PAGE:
Cliff Graubart is the author of The Curi­ous Vision of Sam­my Levitt and Oth­er Sto­ries (Mer­cer Uni­ver­si­ty Press, 2012). He will be blog­ging here all week for Jew­ish Book Coun­cil and MyJew­ish­Learn­ing

My par­ents left the Unit­ed States in 1973 to retire in Bat Yam, Israel, the coun­try in which they met and mar­ried in 1934, and where my broth­er Nor­man was born. My father left Poland in 1925 and went to work for his broth­ers in Paris and then left to com­pete in the first Mac­cabi­ah games in the breast stroke only to learn that there was no swim­ming pool. (I learned lat­er that there was indeed a swim­ming event, so I can only assume that my dad may have not made the cut and may have been too embar­rassed.) My moth­er left her home Bul­gar­ia as a young woman on a group visa and set­tled in Jerusalem, where she met my father in the fur shop where they both were employed.

One day while brows­ing in a used book­shop in Tel Aviv after his retire­ment to Israel, he came upon a book titled Dur­ing the Russ­ian Admin­is­tra­tion with the Jews of Stanis­la­wow Dur­ing the Holo­caust by Abra­ham Liebesman. My father, Sig­mund Graubart, no trained schol­ar, was always inter­est­ed in his­to­ry. And he had a keen inter­est in Stanis­la­wow, Poland (today Ivano-Frankivsk, Ukraine), the city of his birth, because his old­er sis­ter and her fam­i­ly were killed there. After deter­min­ing there was only this edi­tion, which was in Hebrew, my father began trans­lat­ing the book into English.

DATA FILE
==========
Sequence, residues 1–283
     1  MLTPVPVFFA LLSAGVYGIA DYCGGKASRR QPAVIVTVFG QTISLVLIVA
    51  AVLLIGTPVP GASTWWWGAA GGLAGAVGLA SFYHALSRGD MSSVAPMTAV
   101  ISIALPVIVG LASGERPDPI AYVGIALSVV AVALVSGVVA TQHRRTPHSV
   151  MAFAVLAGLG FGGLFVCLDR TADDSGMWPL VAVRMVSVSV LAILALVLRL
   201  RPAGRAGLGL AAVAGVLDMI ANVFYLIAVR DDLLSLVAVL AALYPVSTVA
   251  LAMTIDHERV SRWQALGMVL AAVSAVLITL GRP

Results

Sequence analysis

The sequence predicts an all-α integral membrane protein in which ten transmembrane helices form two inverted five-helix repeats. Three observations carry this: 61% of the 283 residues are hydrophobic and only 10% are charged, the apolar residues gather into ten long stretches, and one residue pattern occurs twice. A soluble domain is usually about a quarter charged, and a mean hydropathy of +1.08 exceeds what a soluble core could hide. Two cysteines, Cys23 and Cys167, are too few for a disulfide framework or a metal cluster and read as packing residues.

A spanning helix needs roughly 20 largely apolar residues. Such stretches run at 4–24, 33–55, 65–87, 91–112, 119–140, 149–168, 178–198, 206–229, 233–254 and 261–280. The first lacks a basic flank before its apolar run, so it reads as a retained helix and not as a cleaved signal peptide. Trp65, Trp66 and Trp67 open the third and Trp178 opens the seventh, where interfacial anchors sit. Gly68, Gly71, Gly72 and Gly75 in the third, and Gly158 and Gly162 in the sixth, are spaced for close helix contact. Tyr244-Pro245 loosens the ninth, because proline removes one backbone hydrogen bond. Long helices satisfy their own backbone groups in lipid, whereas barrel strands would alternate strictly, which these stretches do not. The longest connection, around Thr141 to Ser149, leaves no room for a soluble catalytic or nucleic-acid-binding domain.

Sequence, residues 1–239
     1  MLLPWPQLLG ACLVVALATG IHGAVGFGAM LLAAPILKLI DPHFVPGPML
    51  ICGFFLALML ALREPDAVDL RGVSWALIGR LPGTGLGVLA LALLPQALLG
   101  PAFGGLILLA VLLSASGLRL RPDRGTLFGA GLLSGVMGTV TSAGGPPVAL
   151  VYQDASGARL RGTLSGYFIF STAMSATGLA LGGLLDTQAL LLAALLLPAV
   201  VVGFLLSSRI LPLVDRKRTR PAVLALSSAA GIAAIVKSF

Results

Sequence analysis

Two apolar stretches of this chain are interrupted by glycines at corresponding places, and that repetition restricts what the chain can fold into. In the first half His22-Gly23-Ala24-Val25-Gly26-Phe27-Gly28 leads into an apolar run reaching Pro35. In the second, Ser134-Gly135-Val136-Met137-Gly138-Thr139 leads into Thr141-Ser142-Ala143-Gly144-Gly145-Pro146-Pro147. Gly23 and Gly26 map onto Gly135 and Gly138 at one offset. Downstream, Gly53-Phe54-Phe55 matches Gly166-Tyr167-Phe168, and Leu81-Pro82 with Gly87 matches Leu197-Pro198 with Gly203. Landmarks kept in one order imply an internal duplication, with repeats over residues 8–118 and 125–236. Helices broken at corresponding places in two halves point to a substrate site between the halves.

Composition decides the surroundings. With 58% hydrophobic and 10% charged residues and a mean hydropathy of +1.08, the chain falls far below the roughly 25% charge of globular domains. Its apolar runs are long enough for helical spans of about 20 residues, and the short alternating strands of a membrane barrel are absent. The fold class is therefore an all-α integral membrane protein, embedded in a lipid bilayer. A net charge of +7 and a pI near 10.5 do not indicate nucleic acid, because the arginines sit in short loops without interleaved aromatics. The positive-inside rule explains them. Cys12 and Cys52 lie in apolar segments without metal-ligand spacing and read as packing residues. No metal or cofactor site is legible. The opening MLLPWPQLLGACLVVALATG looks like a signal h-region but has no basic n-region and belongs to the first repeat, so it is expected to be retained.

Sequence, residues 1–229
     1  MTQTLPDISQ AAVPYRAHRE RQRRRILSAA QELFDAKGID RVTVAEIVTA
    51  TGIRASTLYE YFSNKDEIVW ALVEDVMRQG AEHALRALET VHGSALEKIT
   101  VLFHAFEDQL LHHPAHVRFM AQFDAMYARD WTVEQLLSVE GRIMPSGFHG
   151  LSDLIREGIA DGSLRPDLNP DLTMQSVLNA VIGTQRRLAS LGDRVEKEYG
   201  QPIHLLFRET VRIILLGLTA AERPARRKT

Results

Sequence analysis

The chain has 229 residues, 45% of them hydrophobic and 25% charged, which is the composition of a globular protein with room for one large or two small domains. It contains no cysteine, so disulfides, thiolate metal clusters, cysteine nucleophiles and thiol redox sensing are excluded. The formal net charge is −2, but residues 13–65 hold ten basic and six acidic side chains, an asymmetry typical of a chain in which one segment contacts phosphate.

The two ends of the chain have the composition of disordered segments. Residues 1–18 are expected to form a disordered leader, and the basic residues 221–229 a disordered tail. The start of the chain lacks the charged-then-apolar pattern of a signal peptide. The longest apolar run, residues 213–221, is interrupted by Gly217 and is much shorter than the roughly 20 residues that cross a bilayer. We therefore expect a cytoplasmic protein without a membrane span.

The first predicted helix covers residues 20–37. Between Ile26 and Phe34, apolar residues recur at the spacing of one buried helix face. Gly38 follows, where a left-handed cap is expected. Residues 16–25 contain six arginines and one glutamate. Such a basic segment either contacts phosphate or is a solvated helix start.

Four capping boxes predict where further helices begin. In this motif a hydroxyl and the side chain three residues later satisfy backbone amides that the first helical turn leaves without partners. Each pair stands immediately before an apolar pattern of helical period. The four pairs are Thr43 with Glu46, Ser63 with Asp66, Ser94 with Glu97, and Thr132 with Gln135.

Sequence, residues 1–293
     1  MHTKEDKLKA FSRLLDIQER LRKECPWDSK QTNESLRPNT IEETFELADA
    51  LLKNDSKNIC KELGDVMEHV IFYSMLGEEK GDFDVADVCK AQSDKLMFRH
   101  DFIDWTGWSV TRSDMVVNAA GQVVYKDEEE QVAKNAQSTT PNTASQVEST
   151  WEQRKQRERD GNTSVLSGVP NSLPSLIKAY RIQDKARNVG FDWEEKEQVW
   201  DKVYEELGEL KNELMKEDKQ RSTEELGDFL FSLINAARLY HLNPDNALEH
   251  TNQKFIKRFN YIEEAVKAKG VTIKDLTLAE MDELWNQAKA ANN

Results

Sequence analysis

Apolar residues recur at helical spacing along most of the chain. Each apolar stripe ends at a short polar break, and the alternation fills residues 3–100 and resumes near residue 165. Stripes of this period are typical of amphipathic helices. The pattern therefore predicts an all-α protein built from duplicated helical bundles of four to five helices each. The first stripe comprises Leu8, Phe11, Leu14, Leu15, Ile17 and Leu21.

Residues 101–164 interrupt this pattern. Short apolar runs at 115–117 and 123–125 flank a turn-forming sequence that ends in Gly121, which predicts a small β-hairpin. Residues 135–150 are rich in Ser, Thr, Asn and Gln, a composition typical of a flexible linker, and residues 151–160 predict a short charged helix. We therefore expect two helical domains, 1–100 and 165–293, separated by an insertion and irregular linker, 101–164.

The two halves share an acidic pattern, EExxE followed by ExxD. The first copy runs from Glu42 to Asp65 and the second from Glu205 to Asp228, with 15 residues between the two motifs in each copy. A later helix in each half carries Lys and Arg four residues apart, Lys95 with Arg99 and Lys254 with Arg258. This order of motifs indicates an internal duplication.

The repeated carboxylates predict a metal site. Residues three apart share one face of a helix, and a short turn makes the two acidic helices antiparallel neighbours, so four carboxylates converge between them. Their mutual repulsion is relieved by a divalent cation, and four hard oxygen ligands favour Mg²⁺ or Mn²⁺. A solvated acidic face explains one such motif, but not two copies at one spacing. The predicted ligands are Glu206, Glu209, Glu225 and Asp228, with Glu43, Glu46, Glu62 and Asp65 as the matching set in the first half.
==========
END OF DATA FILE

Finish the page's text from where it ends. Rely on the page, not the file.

At the same time, Pat Con­roy was work­ing on his nov­el Beach Music and a por­tion of the book dealt with the Holo­caust. He want­ed to place his char­ac­ter Max Rusoff” in a small city and as is usu­al in Conroy’s fic­tion, he want­ed to write in great detail. Pat loved my par­ents. He wish­es we could have switched our fam­i­lies at birth. I told him that would have impinged on our friend­ship, as I would have been dead. I couldn’t have sur­vived The Great Santini.”

Pat began work on Beach Music in 1986 and would take 9 years to pub­lish the nov­el. My dad fin­ished his trans­la­tion in 1990 and I pub­lished it, dis­trib­ut­ing it free to any­one who showed inter­est. Pat read it and was so moved, he used it as the pri­ma­ry ref­er­ence to describe life dur­ing the Holo­caust in the nov­el. He was sur­prised at how good the trans­la­tion was. He knew my father only had a high school edu­ca­tion. Dur­ing the Russ­ian Admin­is­tra­tion had the detail Pat was seek­ing and he decid­ed to use it to help him draw the pic­ture of Kro­nitts­ka.”

In a note to the read­er in Beach Music, Con­roy gives thanks to Sig­mund Graubart, and because of that acknowl­edge­ment and because the book was trans­lat­ed into scores of lan­guages, I have received requests for the 49-page book­let from all over the world. There is no charge, and there are still some available.

Vis­it Cliff online at www​.clif​f​graubart​.com.
Cliff Graubart was born and raised in NYC. He has boxed in the Tole­do Gold­en Gloves, sold furs in New York, and once para­chut­ed out of a per­fect­ly good air­plane in cel­e­bra­tion of his 40th birth­day — all mate­r­i­al for his short sto­ries, which have appeared in mag­a­zines. Atlanta-based Graubart owns the Old New York Book Shop.